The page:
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Singapore Budget 2009
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Summary of Budget 2009 Feedback and Responses  
   
Background

The Ministry of Finance (MOF) carried out the Budget 2009 Feedback Exercise from 28 October 2008 to 1 May 2009. This is part of the Ministry’s annual effort to gather views from the public on their expectations for the Budget and their response to announcements made in the Budget Statement.

Over 2491 feedback and suggestions were received in the Budget 2009 Feedback Exercise via:

  • MOF’s Online Feedback Portal
  • Budget dialogue sessions
  • E-townhall discussions
  • Commentaries in media forums
  • MOF’s QSM feedback channel
  • SMS feedback channel
Two Main Areas of Feedback

There were generally two main areas of feedback from the public, which the government has taken into account in formulating various initiatives that were announced in Budget 2009:

For the government to provide more help to Singaporeans, especially the lower income group, during this economic downturn

For the government to provide more help to companies to retain employees and help employers cope with labour costs

MOF would like to thank all those who provided their feedback and suggestions. The feedback has helped the Ministry to better understand the views and concerns of Singaporeans from various walks of life. We look forward to receiving more views in future feedback exercises.

SUMMARY OF PRE-BUDGET FEEDBACK

The main categories of pre-Budget feedback raised by the public from 28 October 2008 to 1 January 2009 were on:

The following table lists some of the key feedback topics and MOF’s response:

Key Issues Raised
MOF’s Response
Taxes: Reduction and/or Deferral
Reduce personal income tax (PIT) / Give PIT rebate

Singapore’s personal income tax regime is already one of the most competitive in the world. Even when compared to Hong Kong with its low standard PIT rate of 15%, most individuals remain better off in Singapore as our marginal tax rates are lower and more progressive. The Government will continue to monitor the effective tax burden of Singapore tax residents and ensure that Singapore remains a compelling place to attract and keep talent, including those at the top end.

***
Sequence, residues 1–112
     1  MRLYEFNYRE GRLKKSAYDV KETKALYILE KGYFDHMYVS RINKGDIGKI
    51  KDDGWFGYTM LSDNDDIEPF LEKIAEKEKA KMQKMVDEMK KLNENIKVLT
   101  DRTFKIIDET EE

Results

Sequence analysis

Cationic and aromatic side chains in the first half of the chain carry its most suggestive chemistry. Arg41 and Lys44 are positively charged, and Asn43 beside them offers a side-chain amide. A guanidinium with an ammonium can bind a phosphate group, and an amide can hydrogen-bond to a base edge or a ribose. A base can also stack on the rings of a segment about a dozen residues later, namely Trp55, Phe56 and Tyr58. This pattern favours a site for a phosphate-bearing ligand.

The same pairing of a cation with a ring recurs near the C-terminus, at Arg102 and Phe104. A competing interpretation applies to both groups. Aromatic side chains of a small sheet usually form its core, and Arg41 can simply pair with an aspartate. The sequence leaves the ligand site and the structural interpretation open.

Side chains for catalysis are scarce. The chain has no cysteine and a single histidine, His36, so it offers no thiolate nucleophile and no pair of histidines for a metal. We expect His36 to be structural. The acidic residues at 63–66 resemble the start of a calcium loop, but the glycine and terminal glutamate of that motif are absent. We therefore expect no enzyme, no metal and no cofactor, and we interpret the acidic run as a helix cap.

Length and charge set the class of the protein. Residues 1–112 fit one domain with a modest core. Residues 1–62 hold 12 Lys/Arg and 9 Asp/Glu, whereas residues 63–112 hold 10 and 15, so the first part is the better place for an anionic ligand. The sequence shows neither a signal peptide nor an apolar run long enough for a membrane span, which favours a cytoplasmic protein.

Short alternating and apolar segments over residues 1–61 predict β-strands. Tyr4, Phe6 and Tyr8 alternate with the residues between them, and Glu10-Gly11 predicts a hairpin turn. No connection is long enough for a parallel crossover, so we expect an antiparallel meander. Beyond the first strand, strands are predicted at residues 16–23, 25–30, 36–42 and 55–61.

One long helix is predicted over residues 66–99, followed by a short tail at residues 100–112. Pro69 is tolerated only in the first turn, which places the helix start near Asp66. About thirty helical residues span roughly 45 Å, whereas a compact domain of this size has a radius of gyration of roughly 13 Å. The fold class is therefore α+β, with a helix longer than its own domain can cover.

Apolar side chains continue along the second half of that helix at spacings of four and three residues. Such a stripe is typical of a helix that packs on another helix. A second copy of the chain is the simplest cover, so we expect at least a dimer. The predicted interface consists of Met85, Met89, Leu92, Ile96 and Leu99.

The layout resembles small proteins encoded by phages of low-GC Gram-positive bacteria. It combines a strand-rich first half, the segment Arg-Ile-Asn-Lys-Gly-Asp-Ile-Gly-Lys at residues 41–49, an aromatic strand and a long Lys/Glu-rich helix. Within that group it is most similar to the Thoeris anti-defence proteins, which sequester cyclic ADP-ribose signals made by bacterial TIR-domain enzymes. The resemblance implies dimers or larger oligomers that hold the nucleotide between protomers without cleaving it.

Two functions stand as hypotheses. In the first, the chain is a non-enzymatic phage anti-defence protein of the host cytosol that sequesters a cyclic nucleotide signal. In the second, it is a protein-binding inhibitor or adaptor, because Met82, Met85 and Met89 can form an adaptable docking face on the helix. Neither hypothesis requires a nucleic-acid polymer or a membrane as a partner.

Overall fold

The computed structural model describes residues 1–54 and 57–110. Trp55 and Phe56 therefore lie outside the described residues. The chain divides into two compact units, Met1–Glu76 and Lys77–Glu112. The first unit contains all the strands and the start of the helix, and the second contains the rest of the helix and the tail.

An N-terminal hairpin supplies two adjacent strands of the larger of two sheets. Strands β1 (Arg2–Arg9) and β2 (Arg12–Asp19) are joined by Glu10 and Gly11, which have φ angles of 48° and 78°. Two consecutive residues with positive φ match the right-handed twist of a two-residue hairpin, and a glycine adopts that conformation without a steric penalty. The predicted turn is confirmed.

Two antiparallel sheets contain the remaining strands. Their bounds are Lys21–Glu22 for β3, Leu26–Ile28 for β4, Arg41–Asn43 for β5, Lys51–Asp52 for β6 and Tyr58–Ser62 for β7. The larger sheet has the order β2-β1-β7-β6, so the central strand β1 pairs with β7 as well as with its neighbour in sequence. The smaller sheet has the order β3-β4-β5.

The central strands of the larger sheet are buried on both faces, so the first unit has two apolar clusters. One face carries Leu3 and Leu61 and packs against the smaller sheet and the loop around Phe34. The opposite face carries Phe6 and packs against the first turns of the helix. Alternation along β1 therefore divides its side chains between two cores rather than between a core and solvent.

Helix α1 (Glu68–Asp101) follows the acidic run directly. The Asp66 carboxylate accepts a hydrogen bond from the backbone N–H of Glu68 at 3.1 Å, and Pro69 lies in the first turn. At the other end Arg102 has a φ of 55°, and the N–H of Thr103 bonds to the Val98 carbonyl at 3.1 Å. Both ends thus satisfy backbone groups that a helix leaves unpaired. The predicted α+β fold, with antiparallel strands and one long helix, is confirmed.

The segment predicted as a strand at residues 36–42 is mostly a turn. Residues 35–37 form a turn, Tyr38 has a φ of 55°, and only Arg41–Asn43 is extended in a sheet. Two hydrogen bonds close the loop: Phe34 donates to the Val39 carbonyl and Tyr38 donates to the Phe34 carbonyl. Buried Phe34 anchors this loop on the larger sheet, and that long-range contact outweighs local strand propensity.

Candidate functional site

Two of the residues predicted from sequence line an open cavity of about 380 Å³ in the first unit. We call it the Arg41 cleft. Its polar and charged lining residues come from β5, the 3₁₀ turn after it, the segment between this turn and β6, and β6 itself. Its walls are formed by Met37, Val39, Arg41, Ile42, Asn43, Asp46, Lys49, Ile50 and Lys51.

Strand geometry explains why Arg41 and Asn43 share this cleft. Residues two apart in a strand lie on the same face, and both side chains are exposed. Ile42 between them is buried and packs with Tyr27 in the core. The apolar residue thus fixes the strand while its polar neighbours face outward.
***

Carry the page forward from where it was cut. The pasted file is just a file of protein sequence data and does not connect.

To help Singaporeans cope with the economic downturn, as announced in Budget 2009, the Government will give a 20% PIT rebate capped at S$2,000, for income earned in 2008.

Reduce corporate income tax (CIT)/Give CIT rebate

The Government will continue to ensure a competitive tax regime to reward the success and enterprise of our companies. In Budget 2007, it cut the headline corporate tax rate from 20% to 18% and expanded the Partial Tax Exemption regime to provide a lower effective tax rate for small and medium enterprises. In Budget 2008, the Government introduced tax incentives to encourage innovation and entrepreneurship, as well as a special allowance for fixtures and fittings which benefit F&B and retail companies in particular.

In Budget 2009, the Government has made a further 1% cut in CIT from 18% to 17%.

Give property tax rebates
  • At least 30% on commercial properties
  • Landlords should pass on cost savings to tenants

In addition to a property tax rebate of S$100 announced in the GST Offset Package to be given in 2009, Budget 2009 announced a 40% property tax rebate for commercial, industrial and owner-occupied residential properties for 2009. At the same time, the Government also urged landlords to pass on the benefits of the rebates to their tenants.

Defer income tax payment for SMEs

Taxpayers who face difficulties in the payment of income tax can approach IRAS to review the payment plans.

Allow tax remission for all foreign-sourced income remitted by Singapore tax-resident companies

To enable businesses to make best use of all their sources of funds to meet their financing needs in Singapore during this time of credit tightness, the Government, in Budget 2009, temporarily expanded the scope of the Foreign-Sourced Income Exemption scheme to cover all foreign-sourced income. The Government also temporarily lifted the conditions currently required for foreign-sourced income to be exempted from tax when remitted to Singapore. With these temporary enhancements, businesses will be exempt from tax on the foreign-sourced income that they remit between 22 January 2009 to 21 January 2010 (both dates inclusive), provided that the remitted income is earned on or before 21 January 2009.

Job Placement and Re- training
Provide incentives for companies to retain employees/ Help employers with labour costs

As part of Budget 2009, the Government introduced a Jobs Credit Scheme to encourage our businesses to preserve jobs in the downturn. Under this scheme, employers will receive a 12% cash grant on the first $2,500 of each month’s wages for each employee on their CPF payroll. It provides a significant incentive for companies to retain existing workers, and where their business warrants, to employ new workers.